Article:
An Extraordinary Healer essay honoring KATHY IVY, B.S.N., RN, OCN [CHILDRESS REGIONAL MEDICAL CENTER, CHILDRESS, TEXAS]
BY Fred Hardwicke, M.D., Childress Regional Medical Center Cancer Clinic, Childress, and Texas Tech University Health Sciences Center, Lubbock
Kathy Ivy, B.S.N., RN, OCN - PHOTOS BY ERICKA MOORE
Over 10 years ago, I took a sticky pad and wrote: “I love my infusion nurses. Happy Valentine’s Day!”
Several months later, this was still stuck on the wall. I came to realize that oncology infusion nurses are taken for granted, and only rarely is appreciation expressed by the medical staff for their expertise and dedication and professionalism. Every Valentine’s Day since then, I have chosen to write a clever poem or thoughts in red ink to recognize the infusion nurses.
There is one very important infusion nurse I work with who is not part of my Lubbock clinic. It is time, then, to express my appreciation for an extraordinary healer in Childress, Texas: Kathy Ivy.
“The Big Empty” is the popular name given to a vast circle of Texas that Childress sits on top of and that I drive through at least once a month to visit. The circle has about a 70-mile radius, and the chief geographical feature — the Double Mountains — is in the center. The size of the ranches, scarcity of people and lack of infrastructure are legendary but not unexpected, given the rugged terrain and harsh weather. Imagine a place with two weeks of spring at the beginning of April, starting at freezing and ending in triple digits, followed by 20 weeks of summer, 10 weeks of fall and 20 weeks of winter. Serious wind, thunderstorms, flash floods, hail and wintry mix are all possible out here, but more common are large stretches of drought. The road north from Abilene cuts across the grain, crossing seven rivers before Childress and the Texas part of the Red River before reaching Wellington, but these are all usually low-flow to no-flow, sometimes with no water at all.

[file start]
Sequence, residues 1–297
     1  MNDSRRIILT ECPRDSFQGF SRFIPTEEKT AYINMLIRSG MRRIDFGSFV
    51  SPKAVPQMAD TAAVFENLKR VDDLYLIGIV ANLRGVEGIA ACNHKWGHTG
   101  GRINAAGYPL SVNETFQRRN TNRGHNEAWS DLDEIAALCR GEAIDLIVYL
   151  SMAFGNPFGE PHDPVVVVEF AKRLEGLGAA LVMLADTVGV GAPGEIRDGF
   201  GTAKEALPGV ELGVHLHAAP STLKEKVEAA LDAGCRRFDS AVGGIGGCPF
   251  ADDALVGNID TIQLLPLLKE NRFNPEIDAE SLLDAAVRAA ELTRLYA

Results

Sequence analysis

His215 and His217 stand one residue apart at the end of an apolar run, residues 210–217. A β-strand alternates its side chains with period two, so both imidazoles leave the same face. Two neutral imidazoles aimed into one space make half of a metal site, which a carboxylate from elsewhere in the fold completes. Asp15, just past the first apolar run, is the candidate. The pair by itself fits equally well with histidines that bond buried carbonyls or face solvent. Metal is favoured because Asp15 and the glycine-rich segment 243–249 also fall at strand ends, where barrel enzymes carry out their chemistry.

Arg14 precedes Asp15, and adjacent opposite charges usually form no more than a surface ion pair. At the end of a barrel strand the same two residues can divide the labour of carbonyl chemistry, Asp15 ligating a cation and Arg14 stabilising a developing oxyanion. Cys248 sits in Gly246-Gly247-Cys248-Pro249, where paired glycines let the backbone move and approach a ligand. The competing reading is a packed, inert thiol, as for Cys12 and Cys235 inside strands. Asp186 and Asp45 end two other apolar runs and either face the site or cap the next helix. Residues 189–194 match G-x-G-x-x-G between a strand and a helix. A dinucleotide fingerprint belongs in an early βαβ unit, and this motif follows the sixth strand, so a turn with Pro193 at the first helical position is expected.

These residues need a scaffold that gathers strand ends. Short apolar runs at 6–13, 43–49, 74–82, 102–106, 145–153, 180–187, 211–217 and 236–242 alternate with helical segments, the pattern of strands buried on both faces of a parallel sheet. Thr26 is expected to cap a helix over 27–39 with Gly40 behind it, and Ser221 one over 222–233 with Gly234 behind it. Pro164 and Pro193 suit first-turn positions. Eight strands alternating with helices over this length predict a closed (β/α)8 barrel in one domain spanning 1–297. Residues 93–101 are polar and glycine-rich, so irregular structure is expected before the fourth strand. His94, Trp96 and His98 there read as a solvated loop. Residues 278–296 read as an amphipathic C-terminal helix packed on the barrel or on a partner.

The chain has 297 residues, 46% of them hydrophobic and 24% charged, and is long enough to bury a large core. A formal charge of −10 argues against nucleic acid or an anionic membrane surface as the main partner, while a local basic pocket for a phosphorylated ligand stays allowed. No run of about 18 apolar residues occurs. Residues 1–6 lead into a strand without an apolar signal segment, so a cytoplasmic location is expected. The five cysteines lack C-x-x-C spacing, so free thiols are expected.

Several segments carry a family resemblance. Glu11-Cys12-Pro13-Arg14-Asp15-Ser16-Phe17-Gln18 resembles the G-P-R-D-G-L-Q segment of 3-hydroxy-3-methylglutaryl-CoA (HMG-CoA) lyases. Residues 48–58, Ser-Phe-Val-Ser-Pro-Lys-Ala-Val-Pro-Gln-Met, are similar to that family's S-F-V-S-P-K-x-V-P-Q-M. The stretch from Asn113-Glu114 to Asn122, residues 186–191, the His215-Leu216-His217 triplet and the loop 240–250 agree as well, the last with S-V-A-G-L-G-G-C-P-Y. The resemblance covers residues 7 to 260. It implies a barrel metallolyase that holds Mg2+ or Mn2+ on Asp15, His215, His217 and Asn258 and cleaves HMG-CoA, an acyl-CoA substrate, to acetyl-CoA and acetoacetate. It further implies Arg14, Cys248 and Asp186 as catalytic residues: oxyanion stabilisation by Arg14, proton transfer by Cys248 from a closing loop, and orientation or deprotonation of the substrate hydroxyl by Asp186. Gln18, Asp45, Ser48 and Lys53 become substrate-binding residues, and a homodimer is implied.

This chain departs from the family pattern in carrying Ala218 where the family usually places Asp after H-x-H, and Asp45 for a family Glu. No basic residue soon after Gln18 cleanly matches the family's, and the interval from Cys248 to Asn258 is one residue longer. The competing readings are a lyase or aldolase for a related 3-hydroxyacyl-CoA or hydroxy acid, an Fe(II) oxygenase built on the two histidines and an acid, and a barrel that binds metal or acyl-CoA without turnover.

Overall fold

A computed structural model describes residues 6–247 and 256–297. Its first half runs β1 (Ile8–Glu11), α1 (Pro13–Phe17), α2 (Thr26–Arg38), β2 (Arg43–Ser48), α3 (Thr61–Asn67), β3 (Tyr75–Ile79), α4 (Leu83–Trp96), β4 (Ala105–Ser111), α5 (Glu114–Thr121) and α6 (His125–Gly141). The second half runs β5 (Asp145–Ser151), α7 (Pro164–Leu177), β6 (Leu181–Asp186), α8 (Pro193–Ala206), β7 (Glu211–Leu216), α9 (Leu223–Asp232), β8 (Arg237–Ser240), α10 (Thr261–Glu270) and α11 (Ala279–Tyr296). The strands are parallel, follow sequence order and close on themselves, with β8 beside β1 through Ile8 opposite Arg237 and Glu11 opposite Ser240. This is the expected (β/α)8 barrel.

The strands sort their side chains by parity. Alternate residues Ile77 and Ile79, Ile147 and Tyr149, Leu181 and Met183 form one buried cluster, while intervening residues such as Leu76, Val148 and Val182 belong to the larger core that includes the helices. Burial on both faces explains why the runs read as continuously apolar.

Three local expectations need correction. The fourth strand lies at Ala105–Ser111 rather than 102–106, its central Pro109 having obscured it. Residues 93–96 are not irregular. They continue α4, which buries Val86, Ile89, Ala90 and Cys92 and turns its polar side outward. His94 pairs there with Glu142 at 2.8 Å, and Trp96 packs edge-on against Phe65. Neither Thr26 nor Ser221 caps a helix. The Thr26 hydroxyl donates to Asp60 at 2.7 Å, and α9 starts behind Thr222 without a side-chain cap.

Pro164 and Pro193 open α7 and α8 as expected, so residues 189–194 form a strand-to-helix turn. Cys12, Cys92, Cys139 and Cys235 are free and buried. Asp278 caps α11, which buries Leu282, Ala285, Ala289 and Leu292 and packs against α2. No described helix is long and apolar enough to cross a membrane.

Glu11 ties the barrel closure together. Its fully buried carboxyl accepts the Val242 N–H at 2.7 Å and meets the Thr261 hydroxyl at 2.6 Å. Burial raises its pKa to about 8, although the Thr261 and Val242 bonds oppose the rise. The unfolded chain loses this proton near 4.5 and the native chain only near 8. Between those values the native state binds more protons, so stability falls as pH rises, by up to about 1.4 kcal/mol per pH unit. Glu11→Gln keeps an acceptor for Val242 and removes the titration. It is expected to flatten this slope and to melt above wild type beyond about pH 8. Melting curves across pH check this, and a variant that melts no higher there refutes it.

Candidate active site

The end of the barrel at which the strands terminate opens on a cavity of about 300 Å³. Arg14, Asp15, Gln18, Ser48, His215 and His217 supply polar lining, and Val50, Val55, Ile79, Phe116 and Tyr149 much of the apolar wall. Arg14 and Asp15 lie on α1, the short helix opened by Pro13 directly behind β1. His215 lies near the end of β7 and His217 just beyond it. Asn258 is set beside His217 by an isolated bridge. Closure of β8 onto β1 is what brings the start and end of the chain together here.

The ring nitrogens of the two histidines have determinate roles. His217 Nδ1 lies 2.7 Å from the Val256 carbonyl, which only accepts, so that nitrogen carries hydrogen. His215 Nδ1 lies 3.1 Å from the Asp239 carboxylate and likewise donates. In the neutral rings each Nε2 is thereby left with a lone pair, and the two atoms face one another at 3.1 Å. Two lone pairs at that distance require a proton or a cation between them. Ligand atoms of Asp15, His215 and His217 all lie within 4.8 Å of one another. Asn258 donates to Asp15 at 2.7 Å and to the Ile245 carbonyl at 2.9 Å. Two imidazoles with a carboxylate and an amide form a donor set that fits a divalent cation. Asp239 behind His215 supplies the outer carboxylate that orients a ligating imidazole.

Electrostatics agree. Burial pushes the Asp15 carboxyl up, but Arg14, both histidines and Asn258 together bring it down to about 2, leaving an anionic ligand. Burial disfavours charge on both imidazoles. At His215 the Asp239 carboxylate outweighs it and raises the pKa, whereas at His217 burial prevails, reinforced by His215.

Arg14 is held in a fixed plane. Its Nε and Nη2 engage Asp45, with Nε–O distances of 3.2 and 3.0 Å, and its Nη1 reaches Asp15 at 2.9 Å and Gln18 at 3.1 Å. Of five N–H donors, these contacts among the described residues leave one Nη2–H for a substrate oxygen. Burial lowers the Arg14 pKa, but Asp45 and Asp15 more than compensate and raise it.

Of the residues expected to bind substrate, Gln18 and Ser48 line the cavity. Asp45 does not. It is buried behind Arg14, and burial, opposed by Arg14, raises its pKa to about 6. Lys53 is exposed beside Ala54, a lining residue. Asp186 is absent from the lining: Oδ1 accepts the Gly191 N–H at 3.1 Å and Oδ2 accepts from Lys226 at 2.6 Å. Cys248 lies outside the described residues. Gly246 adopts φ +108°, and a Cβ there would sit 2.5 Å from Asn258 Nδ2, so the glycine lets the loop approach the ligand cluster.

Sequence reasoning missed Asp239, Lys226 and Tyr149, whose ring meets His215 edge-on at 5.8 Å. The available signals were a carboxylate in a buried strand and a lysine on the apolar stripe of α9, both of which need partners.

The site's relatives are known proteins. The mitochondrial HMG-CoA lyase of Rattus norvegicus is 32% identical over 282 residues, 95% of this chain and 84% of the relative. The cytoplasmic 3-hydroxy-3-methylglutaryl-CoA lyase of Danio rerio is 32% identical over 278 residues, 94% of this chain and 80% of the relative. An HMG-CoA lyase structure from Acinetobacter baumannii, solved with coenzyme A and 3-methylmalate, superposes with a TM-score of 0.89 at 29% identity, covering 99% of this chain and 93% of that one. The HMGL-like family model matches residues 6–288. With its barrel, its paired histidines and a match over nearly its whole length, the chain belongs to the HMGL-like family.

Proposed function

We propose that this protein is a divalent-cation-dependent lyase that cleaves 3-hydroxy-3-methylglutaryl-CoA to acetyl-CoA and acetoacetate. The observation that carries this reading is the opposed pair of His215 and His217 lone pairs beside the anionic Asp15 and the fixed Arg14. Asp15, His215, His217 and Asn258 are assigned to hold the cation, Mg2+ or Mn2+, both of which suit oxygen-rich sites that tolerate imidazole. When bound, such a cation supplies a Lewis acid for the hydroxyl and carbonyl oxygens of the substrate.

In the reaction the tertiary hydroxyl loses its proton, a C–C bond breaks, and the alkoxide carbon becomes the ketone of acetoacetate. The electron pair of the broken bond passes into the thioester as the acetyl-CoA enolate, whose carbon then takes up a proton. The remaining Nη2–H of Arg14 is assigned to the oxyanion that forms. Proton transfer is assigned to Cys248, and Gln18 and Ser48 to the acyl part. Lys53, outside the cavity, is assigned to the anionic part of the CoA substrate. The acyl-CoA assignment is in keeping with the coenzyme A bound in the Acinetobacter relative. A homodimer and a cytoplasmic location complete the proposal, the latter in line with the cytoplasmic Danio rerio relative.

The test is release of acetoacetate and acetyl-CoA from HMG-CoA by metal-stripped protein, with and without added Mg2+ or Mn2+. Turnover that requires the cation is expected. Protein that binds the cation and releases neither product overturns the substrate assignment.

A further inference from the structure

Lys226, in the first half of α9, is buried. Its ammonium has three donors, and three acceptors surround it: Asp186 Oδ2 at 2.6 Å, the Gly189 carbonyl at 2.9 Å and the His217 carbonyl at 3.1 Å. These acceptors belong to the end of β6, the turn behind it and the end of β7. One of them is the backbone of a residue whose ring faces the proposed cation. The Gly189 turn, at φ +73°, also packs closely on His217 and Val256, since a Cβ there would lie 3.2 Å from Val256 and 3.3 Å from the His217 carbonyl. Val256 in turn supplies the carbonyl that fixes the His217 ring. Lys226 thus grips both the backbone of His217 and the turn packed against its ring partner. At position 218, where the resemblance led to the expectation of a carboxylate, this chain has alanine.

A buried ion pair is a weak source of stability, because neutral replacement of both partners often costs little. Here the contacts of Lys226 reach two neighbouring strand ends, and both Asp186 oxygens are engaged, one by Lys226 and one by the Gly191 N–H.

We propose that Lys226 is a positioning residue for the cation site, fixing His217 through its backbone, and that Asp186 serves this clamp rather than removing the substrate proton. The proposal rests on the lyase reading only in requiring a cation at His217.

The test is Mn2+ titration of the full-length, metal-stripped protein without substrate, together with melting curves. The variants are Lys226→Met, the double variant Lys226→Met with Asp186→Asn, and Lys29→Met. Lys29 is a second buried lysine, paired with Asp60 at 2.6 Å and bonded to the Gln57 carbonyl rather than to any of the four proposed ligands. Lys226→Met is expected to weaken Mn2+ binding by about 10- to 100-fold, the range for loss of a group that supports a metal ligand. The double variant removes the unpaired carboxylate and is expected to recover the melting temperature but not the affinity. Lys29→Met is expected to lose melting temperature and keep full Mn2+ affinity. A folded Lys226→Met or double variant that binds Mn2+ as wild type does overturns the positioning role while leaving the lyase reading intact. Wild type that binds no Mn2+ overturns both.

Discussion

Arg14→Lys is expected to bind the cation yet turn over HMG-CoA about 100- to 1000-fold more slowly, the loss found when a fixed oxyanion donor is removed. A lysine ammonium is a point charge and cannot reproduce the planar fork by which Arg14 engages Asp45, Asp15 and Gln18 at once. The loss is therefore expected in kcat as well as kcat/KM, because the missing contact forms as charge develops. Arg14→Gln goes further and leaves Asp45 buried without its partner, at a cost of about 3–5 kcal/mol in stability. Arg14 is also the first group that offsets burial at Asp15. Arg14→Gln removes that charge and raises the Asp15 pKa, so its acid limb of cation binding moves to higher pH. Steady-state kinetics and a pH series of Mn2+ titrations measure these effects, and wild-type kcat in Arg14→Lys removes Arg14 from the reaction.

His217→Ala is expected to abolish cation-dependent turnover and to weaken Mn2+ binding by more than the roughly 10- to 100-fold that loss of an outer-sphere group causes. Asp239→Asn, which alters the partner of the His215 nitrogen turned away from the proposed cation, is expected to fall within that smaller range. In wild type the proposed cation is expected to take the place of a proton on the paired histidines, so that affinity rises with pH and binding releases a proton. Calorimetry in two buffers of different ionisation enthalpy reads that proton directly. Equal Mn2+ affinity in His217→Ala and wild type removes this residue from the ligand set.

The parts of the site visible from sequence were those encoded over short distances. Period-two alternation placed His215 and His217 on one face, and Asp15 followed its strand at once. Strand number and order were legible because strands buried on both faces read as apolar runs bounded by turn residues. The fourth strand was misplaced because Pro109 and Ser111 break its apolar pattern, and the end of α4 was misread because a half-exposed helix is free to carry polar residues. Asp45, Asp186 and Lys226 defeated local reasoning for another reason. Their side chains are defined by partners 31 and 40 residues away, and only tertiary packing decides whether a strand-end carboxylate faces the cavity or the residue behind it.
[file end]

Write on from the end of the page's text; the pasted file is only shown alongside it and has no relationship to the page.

Most Texans know Childress simply as a crossroads on the summer route to and from Colorado, because the other road takes the many people of North Texas through the population centers of Wichita Falls — home of the enormous Hotter’N Hell Hundred bicycle race — and Amarillo, of Route 66 fame, before hitting the mountains. My hometown is Abilene, and Kathy’s life has taken her to all the other places, beginning in Wellington.
Wellington was a declining town of about 3,000 on a road less traveled when Kathy was born into a large farming family — three daughters and six sons. In Kathy’s own words, she “thought the world” of her aunt, a nurse, and somehow, after having children, she found the time to study in Wichita Falls and get her degree.
Being thrown into the night shift on an oncology floor was “overwhelming,” she says, but she “loved the patients,” and after some different nursing experiences over a number of years, she returned, this time to a dedicated oncology unit in Amarillo. Two years later, in 2004, she became certified in oncology. She had great teachers, both nurses and physicians, and experienced the full spectrum of oncology care. Some of her patients who were treated with hematopoietic stem cell transplantation are still alive and well today.
The downside was that her husband was working as a ranch foreman, and Amarillo was quite a distance away. Luckily, circumstances led her to the Childress Regional Medical Center, where administration had actually been trying to step into the shallow end of the oncology pool for some time but just did not have the right people to make a start. Even though Kathy was at the hospital just once a week, her talent did not go unnoticed, and in December 2012, she accepted a role dedicated to launching oncology services in Childress and left her position in Amarillo.
Kathy is a true pioneer woman of oncology, having started a program far away from cancer centers and beginning with few resources. There was an initial news event before my partner started his monthly visits in March 2013, but even now, plenty of people in this region find out about us after months of long-distance therapy elsewhere. When I started in November 2014, the usual monthly clinic on Thursday was about four hours and has been exploding ever since.
Our clinic offers adult outpatient oncology services and sees four kinds of patients — those on IV chemotherapy, targeted therapy or immunotherapy; those on pill therapies; survivors who are not on therapy; and various hematology patients. Since I’m not there on most days, Kathy is the one contacting me and giving me candid assessments on how the patients are doing, leading to various modifications of care.
Kathy has been able to provide a special kind of friendship that includes hugs, expert care and words of instruction and encouragement. Most of our patients are extremely appreciative of the care they receive, but Kathy also maintains her helpful attitude with those who are resistant to her help. She even is out sometimes on holidays and weekends, if needed, to get things done. Kathy is an amazing professional.